Sunday, December 28, 2003

I was supposed to meet my parents in Cranberry Township last night for dinner. My mother works out of an office there; if you've ever been to Cranberry Township, you'll have some idea of how bad an idea this is at the height of the holidays. Twenty years ago, Cranberry was a nondescript crossroads in the middle of a large, open stretch of Butler farmland at the edge of moraine country. Its only distinguishing characteristic was that the Turnpike and I-79 crossed Rt 19, the Red Belt, and Rt. 228 in quick succession, creating a respectable tangle of roads. Fifteen years ago, a number of strip malls and facilities servicing the two interstates had started to spread, wildly. The completion of I-279, AKA "Parkway North", had pushed the first pebble in an avalanche; people could now drive directly and quickly into the centre of the city of Pittsburgh, or to points east and west via the Parkway East and West, along I-279.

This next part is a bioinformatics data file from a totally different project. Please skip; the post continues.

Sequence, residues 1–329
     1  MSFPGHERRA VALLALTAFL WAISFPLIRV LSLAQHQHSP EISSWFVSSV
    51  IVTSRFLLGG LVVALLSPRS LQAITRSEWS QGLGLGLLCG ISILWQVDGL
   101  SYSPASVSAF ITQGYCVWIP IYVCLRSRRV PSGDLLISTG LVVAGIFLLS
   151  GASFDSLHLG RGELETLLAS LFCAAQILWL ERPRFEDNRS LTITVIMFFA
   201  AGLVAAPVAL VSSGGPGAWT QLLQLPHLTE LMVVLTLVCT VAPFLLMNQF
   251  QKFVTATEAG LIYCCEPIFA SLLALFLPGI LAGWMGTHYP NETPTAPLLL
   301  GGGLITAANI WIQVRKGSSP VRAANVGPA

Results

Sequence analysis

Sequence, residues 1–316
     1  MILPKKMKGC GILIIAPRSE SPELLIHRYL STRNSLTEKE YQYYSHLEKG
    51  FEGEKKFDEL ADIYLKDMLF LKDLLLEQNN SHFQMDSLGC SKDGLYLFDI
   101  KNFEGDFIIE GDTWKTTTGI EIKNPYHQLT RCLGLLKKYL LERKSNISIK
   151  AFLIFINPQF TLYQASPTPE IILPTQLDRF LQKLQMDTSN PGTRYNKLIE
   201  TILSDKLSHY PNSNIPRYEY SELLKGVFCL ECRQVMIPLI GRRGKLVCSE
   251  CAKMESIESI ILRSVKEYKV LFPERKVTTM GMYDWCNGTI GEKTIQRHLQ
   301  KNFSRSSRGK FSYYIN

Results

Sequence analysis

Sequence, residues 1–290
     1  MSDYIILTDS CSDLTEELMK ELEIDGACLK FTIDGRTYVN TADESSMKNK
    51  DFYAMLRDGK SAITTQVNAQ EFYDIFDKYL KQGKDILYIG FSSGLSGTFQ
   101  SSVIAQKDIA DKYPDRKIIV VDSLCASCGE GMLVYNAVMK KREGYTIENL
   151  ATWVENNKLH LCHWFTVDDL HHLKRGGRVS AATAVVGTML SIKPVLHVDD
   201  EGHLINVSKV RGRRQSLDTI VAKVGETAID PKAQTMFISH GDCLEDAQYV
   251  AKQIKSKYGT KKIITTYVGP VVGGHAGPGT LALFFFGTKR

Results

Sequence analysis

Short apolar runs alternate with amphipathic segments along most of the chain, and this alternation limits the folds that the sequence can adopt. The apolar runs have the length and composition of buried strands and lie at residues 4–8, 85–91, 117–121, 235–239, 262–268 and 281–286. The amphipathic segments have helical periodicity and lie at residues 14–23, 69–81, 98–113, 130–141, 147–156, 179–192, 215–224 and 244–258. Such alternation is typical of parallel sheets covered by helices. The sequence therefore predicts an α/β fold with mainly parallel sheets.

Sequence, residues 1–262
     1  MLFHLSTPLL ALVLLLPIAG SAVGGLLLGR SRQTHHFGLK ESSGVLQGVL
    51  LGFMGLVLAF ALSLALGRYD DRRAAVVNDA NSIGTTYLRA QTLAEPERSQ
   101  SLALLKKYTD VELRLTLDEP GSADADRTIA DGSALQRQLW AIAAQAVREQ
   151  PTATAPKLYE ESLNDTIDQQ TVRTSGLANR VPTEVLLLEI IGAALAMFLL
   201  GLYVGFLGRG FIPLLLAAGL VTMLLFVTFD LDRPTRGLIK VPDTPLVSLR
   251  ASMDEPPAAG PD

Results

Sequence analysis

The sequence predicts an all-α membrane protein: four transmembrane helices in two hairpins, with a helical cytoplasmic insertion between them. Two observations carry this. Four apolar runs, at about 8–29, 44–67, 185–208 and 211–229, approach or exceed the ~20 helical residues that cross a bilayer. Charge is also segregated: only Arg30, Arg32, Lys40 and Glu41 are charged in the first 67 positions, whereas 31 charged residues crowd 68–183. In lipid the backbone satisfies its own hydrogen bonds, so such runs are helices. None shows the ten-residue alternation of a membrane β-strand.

Large, moderately expensive housing projects appeared all over the slopes of the highlands. Shake-and-bake condo developments started sprouting all over. The strip malls of the commercial centre around the actual cloverleafs spread into every possible tract of land, and the older, low-end stores started getting pushed out by actual franchises - an enormous WalMart, a Barnes and Nobles, a monstrous Home Depot larger in its interior than the town centre of Bellefonte, then a Costco, a Target, and so on. The developments drove down Rt. 228, which was converted from a horribly overcrowded country road to a multilane artery. The population density of Cranberry and its neighboring boroughs and townships - Adams, Seven Fields, Warrendale - is now higher than the McKnight corridor, or old Shaler Township. Tiny, condo-ridden Seven Fields is probably more dense than the old industrial borough of Millvale that my dad's family is originally from.

I failed to find them in Cranberry; I went over to the Barnes and Noble to use the pay phone to track them down. Twenty minutes of waiting for somebody else's family drama to cease monopolizing the only pay phone in the area, Dad came wandering through looking for me. The family knows where to find me if I'm missing - just look near the closest pile of printed material. I've got to get myself a cell phone. The pay phone is rapidly becoming a relic of the bad old Twentieth Century.

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